One-off workshop: Teaching Shakespeare through soundscapes
Sunday, October 1, 2023
Focusing on a lesser-discussed tactic when teaching Shakespeare, Dr Louise Tondeur addresses how we can use soundscapes to tackle the Bard's work with students.
In this session, students create sound effects based on a theme from Shakespeare, with accompanying movement – and the option of adding percussion, other music and sound effects later). They work together as a chorus, using the whole space. The script is added on top to create a performance.
Learning outcomesStudents will learn how to:
- Pair movement and sound in an accessible way
- Create an atmosphere on stage
- Use voice and body to create soundscapes
- Rehearse and perform a scripted scene
Lead a basic physical and vocal warm up. Go through the body from top to toe, focusing on moving different body parts in turn. Practise making accompanying sounds.
Apply adjectives to parts of the body, such as spiky feet or scary hands, thinking particularly about adding expression or emotion. Practise making the movements precise. Suggesting scenarios can help. For instance, act as if:
- You've just heard a juicy bit of gossip
- You're examining a new outfit in the mirror
Alternatively use suggestions indicative of your chosen play. For example:
- Witchy fingers
- Climbing the rigging
- Casting a spell
- Sword fighting
- Turning invisible
Go through the vowel sounds by adding vocalisations to particular movements. This could involve opening the arms for the sound ‘ahhh’ or asking students to feign mock horror with the sound ‘eeek’. They could creep on the spot for ‘yiiiiikes’, eavesdrop at a door for ‘ooooooh’, or spot someone in the distance with ‘cooooeeee’ or tread in mud for ‘uuugghhhh’.
Using the space
Students spread out and work on their favourite movements and vocalisations. Add high, medium and low levels to the movements. For example, move as if you are:
- Reaching something from a high shelf
- Crouching behind a door to hide
- In a slow-motion replay
Focusing on vowel sounds again, match sounds to movements. Someone reaching for a high shelf might use ‘oo, oo, oo, ahhhh’, for example.
Next, introduce dynamism to the movements, stretching and retracting or sending the weight towards left, right, front and back.
Experimenting with words and phrases
Introduce a few words and phrases from the play you are studying. A good choice would be Act 1 Scene 1 of The Tempest as it has several short lines and phrases in it. Mime the scene, getting students to use to the words and the different vocal effects possible. Have them say the words in different ways. Try happy, angry, devious, surprised, disappointed, confident, shy, desperate or nostalgic, for instance. Repeat this paired movement and vocalisation activity using words and phrases from the scene.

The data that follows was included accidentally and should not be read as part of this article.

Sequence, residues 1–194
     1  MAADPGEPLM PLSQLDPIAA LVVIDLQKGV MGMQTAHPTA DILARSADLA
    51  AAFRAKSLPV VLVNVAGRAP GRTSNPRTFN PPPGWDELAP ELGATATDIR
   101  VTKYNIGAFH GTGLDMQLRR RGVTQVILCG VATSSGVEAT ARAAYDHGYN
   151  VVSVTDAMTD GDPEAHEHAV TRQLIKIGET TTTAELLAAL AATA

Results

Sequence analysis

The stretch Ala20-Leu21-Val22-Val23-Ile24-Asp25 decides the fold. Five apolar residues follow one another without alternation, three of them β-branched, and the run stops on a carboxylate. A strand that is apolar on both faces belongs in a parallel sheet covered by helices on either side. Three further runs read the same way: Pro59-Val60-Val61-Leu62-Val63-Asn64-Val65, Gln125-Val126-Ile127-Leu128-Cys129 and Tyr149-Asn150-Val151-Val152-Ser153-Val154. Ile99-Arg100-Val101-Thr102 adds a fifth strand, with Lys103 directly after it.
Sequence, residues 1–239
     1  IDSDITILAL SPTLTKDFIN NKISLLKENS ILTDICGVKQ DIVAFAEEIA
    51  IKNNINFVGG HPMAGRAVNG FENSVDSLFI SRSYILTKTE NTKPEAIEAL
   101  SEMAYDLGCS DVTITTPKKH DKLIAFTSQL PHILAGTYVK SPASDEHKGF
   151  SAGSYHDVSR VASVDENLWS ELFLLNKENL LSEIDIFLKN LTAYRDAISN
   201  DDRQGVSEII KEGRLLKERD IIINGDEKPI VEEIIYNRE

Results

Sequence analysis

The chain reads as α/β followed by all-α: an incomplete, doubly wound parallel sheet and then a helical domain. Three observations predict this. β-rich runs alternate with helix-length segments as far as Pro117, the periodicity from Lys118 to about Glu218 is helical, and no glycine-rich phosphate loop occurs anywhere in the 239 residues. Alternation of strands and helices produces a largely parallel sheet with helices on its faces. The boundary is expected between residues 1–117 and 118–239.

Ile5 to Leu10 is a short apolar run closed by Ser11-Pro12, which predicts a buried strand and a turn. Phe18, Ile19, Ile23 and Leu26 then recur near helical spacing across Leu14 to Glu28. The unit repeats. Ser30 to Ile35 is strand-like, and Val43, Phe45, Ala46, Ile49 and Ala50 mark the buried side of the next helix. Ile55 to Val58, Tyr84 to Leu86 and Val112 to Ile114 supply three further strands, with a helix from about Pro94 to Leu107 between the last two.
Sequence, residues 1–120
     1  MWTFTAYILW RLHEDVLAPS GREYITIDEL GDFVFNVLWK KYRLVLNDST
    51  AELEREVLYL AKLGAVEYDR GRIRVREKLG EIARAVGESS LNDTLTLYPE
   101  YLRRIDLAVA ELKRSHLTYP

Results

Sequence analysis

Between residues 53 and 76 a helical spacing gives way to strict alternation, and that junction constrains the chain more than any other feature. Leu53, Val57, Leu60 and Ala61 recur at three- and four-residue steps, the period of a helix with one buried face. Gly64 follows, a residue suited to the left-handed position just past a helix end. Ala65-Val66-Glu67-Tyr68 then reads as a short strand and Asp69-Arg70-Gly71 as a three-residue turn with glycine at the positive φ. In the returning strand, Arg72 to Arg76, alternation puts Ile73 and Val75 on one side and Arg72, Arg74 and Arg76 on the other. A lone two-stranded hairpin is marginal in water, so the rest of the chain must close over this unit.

A simple soundscape
Give the students an appropriate scenario and have them invent sound effects and movements for it. A few ideas for a scenario could include: a storm, a fight, administering a love potion, an evil spell.
Use the words and phrases from the scene that you've already practised to create a rhythm, with accompanying sound effects and gestures.
Working as a chorus
Emphasise the idea of creating sound together. Suggest choral movements and sound effects (made with voice and body) based on prompts, such as:
- The sea on a calm day, a windy day, or during a storm
- Witch-like sounds and gestures, such as laughter, a cauldron spitting or rhythmic dancing
Focus on the gradual development of the movements and sounds, of crescendo and diminuendo, and on using the whole space.
Once you've established the movements and the sound effects made with body and voice, you could introduce percussion instruments (even DIY or ‘household’ percussion instruments like those used in Stomp) and external sound effects and music.
Soundscapes and scripts
Students rehearse a scene from the play using only movement and sound, plus a few choice words and phrases. For example, they could create a scene called ‘a storm at sea’. Focus particularly on the rhythm.
Next, introduce the script. Use the whole class as a chorus responsible for the sounds, rhythm and accompanying movements. Distribute the script amongst several volunteers. The challenge is for the chorus to keep up the soundscape and choreography during the whole performance. Rehearse a couple of times before adding percussion, music and sound effects and adjusting the lighting.
Words and phrases from Act 1:1 of The Tempest:
- Here, master: what cheer?
- Yare! Yare!
- Keep below
- A plague upon this howling!
- Lay her a-hold!
- All lost
- To prayers! To prayers!
- Mercy on us
- We split! We split!
Music and sound effects
Witch's laugh: youtu.be/TFAf_xgNjpE
Magical sounds: youtu.be/3UxwmfU3rJQ
Mendelssohn's Overture to A Midsummer Night's Dream: youtu.be/BX9oRQkkOOw
Tchaikovsky's Tempest: youtu.be/KyID7dxY4qo
Macbeth soundtrack: youtu.be/qmPZbyYmndc
Use the Laban efforts to choreograph the movements then add accompanying sound effects. They are:
- The opening of The Tempest is ideal for this. Parts of Macbeth Act 4 Scene 1 or A Midsummer Night's Dream Act 2 Scene 2 also work.
- Build the atmosphere from the start. Introduce stage lights if possible.
- Using a circle to structure the warm-up means you can call students back to the circle later, which helps with classroom management.
- Emphasise the rehearsal aspects. Being the director throughout enhances this idea.
- For the final part of the session, direct the whole class, or form small groups.
Find out more: theatrefolk.com/blog/the-eight-efforts-laban-movement